Sometimes, a couple cannot continue a marriage. In some heated and emotional cases, the process can be complicated and lengthy. In the fortunate case that spouses can agree to all of the issues related to divorce and file an uncontested divorce, the process may conclude within a few months. Couples that litigate a divorce may be able to resolve their matter in a year or more. Whether a contested or uncontested divorce, both situations must address the same applicable issues. These include:
If you are seeking a divorce or want more information about the process, Contact Paris P. Eliades Law Firm, LLC for a consultation today.
Residency requirements and grounds for divorce in New Jersey
In New Jersey, there are requirements that need to be satisfied in order to start the divorce process. Firstly, a residency requirement must be fulfilled in order to file for divorce. In New Jersey, either party must be a bona fide resident of the state or lived in the state for at least a year, unless adultery is cited as grounds for the divorce.
Once you establish jurisdiction, one must cite grounds for divorce. The rules have changed years ago and if you want a divorce, you will get one under the “no-fault” divorce laws of New Jersey. Even though “no-fault” divorce is common in New Jersey, they allow for divorcing parties to cite “fault” divorces that can impact spousal support and other issues. Some applicable grounds for divorce include:
- Irreconcilable differences
- Separation of at least 18 months
- Deviant sexual conduct
- Institutionalization for mental illness
- Extreme cruelty
How the divorce process begins
Once jurisdiction is established and grounds are cited, you may serve the court with a Divorce Complaint, detailing grounds for divorce and residency requirement. Once the court files the document, you have to serve the other party within 4 months. The other party can answer the claim, but once you file the Divorce Complaint with the court and legally serve the other party, no one can stop you from acquiring the divorce, contested or not.
Case Management Conference
Once the process has commenced, the court will schedule a case management conference in which all parties will discuss:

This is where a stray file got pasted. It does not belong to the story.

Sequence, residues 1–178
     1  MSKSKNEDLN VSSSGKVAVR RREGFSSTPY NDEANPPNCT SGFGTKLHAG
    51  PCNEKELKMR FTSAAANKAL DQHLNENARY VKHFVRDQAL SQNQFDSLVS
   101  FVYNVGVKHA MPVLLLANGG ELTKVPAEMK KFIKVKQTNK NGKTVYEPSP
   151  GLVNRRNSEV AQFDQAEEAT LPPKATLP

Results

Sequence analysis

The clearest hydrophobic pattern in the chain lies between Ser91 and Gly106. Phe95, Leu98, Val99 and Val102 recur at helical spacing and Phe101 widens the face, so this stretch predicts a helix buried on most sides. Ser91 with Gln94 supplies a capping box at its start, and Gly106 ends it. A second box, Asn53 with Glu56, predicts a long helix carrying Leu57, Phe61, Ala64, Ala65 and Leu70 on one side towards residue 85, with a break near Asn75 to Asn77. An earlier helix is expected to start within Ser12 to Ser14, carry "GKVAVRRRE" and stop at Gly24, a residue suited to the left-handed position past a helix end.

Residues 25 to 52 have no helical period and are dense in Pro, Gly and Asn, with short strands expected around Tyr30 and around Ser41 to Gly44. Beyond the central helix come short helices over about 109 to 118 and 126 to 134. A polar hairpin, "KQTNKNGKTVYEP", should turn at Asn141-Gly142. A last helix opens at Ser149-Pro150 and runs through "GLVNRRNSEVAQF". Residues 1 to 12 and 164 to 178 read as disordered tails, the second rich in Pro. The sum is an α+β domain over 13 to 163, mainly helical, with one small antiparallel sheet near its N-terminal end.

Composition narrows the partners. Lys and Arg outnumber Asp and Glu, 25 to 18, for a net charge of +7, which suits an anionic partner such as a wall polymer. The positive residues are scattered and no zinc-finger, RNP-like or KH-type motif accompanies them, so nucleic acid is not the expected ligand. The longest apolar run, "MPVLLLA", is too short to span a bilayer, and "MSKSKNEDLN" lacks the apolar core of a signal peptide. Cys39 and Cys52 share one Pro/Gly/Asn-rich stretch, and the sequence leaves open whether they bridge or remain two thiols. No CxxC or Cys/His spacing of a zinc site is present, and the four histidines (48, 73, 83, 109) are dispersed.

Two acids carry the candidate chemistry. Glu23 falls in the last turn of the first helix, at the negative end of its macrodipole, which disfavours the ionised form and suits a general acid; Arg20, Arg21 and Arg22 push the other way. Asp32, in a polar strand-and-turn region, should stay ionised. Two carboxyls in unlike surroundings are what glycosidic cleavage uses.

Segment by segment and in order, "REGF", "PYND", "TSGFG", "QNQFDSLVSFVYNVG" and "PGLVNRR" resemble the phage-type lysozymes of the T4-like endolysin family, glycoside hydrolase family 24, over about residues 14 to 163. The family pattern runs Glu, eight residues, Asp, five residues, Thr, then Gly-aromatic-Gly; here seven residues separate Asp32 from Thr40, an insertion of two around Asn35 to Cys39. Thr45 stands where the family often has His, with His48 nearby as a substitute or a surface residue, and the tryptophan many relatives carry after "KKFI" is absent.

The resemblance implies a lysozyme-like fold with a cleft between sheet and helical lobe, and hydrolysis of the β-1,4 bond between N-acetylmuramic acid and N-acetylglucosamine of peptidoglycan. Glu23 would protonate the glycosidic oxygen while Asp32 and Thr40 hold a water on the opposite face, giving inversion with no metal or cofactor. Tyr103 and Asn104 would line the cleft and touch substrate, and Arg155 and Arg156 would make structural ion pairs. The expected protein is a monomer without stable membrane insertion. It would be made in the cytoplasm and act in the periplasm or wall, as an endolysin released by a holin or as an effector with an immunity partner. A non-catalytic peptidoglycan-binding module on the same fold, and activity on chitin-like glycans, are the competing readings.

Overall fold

- The contested issues of the case
- The time frame and application of pre-trial discovery
- A trial date
- Possibility of mediation
The conference is to introduce the judge to the case and see what can be done to expedite the situation. Mediation is highly recommended in cases where there are few contested issues and a judge will use their discretion in their recommendation.
Early Settlement Panel
If the parties are not able to settle their differences, the court will refer the case to an Early Settlement Panel. This usually consists of a group of attorneys who will make recommendations to resolve the contested issues. If the parties reject the recommendations, they may still try and settle through mediation. If they cannot, they will most likely have to litigate the matter.
Final Judgment of Divorce
To end your divorce matter, the court will draft and hand down a Final Judgment of Divorce. Your divorce is finalized. This document will include all orders from the court addressing issues including, but not limited to:
- Spousal support
- Child custody and visitation
- Child support
- Property distribution
Contact a firm with the experience you deserve
Paris P. Eliades Law Firm, LLC is a wealth of knowledge stemming from years of applicable divorce experience. We are ready to assist you with the divorce process and ease you towards the best possible outcome. If you and your spouse would consider mediation, our firm can assist both of you in coming to an amicable conclusion to your matter that can save you time and money. If you are in need of effective representation, contact us to assess your case and guide you through your options. Whatever the case, it is in your best interests to contact Paris P. Eliades Law Firm, LLC for the quality legal services you deserve. Contact us today.